Saving lives one teen at a time

If John Perona were shouting from a mountain top, his message would be simple. Teens want to talk — they just need someone to listen. Perona, the supervisor of Kitsap Mental Health Services’ (KMHS) children’s crisis team, sees it every day. The 1,100 students he works with in a given year are dealing with emotional issues that require an intervention. His goal — one he shares with a mental wellness screening program that’s relatively new to Kitsap County — is to find those teenagers before that point.

That’s where TeenScreen comes in.

In 2005, Bainbridge Island High School was the first to implement TeenScreen, a national program that focuses on teenage suicide prevention. Ninth-grade students who have parental consent take a computer-based questionnaire that assesses the students’ likelihood to consider or attempt suicide. If the risk factors are there, the student is referred to an onsite, volunteer counselor for an immediate, face-to-face followup. That counselor can then refer the student to a counselor for treatment. Students who take the survey are assigned a number to protect students’ confidentiality. In addition, KMHS keeps the students’ computer evaluations and assessment records.

North Kitsap School District’s high schools, North Kitsap and Kingston, implemented the program in 2007. The TeenScreen program is a national one started by Columbia University. It is active in more than 400 communities.

A combined effort between the school districts, KMHS, the Kitsap County Health District and community counselors brought the program to fruition, said Barbara Smithson, a health district community liaison.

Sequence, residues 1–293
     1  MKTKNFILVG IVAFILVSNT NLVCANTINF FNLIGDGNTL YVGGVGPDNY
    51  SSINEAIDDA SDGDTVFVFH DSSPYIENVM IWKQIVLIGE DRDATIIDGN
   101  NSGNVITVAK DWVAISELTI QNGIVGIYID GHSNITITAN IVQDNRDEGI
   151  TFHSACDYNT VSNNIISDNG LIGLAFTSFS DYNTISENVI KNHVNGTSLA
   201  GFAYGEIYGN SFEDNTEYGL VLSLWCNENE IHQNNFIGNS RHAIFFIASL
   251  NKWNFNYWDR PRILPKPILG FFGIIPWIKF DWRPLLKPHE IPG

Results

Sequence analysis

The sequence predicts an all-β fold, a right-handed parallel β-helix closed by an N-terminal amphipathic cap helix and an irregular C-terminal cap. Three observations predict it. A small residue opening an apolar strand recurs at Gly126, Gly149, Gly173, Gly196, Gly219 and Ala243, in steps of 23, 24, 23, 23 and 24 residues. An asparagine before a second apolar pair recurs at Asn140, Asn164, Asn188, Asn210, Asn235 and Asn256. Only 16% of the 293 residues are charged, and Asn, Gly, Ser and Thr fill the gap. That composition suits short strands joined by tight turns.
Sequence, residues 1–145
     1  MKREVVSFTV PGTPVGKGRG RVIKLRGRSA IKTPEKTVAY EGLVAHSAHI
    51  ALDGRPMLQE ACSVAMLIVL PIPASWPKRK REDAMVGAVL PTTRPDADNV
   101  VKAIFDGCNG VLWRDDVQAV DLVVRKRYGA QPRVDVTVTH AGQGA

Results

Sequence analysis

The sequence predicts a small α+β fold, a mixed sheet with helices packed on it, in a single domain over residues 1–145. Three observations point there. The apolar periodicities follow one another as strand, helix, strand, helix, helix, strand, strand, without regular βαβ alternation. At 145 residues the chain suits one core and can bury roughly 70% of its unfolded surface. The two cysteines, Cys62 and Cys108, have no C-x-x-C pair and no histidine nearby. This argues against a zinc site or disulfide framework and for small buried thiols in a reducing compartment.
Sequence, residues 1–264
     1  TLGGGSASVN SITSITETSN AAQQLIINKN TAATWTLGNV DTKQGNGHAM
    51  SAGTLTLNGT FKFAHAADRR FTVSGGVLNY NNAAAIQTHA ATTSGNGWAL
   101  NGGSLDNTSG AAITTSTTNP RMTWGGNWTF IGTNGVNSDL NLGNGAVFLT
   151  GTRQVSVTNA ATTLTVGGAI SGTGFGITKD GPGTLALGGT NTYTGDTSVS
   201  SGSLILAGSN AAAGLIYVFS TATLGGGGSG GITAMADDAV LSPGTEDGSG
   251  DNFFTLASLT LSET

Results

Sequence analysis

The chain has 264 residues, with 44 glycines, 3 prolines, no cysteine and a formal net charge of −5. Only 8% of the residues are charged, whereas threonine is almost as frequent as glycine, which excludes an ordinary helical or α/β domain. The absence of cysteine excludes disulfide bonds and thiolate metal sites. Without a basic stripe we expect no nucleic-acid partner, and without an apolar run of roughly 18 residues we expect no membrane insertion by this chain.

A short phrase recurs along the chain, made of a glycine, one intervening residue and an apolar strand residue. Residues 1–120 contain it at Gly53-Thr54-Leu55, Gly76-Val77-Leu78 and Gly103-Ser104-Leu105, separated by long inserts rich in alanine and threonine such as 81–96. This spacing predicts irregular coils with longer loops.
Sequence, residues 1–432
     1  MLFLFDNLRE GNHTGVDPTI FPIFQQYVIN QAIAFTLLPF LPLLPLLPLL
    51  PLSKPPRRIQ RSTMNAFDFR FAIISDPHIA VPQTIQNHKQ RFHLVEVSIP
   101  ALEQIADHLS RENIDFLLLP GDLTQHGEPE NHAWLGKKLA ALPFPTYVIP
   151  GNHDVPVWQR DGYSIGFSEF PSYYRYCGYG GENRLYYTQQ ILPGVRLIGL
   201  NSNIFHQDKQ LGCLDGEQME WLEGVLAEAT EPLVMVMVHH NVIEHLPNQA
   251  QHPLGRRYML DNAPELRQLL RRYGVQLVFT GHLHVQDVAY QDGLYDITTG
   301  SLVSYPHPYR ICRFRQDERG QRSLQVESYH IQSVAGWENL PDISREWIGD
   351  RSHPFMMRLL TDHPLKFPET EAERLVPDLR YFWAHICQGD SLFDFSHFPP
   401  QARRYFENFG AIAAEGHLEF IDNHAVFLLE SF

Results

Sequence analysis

The fact of the matter is that in the last eight years, 15 children 18 and younger in Kitsap County have taken their own lives, Perona said. Teen suicide is an ongoing issue Perona’s team and TeenScreen battle every day. In one recent eight-day period, Perona talked with 12 children in crisis. Eight of them were deemed either a danger to themselves or someone else, requiring admission into a mental health hospital.

Other statistics also paint a grim picture: for every one suicide, there are four people hospitalized because of suicide attempts; and in Kitsap County, men are three times more likely to die at their own hands than women.

The key to curbing those statistics is early intervention, Smithson said.

“Early intervention is important because these kids may not be in crisis,” Smithson said. “We want to identify (issues) early before they get to that point of crisis.”

While there may be a societal stigma attached to receiving counseling, Perona said most teenagers are willing to see beyond that and seek help if they need it.

“Kids who are in pain want to talk. Kids who are in pain want to talk to someone who isn’t going to be a brain cop,” Perona said. “They want to get rid of ‘I don’t like me.’”

The team is eager to get TeenScreen in more school districts throughout the county and get more funding to widen the program’s reach.

For parents who believe their children may need to seek counseling, Perona advises they don’t tread lightly. He recommends taking the child aside to a safe environment for a conversation and confronting the issue head-on.

“Make sure they are able to see it’s a safe conversation in a safe place and if they need support they’ll be able to get it,” Perona said.

If parents don’t have health insurance or other financial means, KMHS has a wealth of resources on tap, Perona said.

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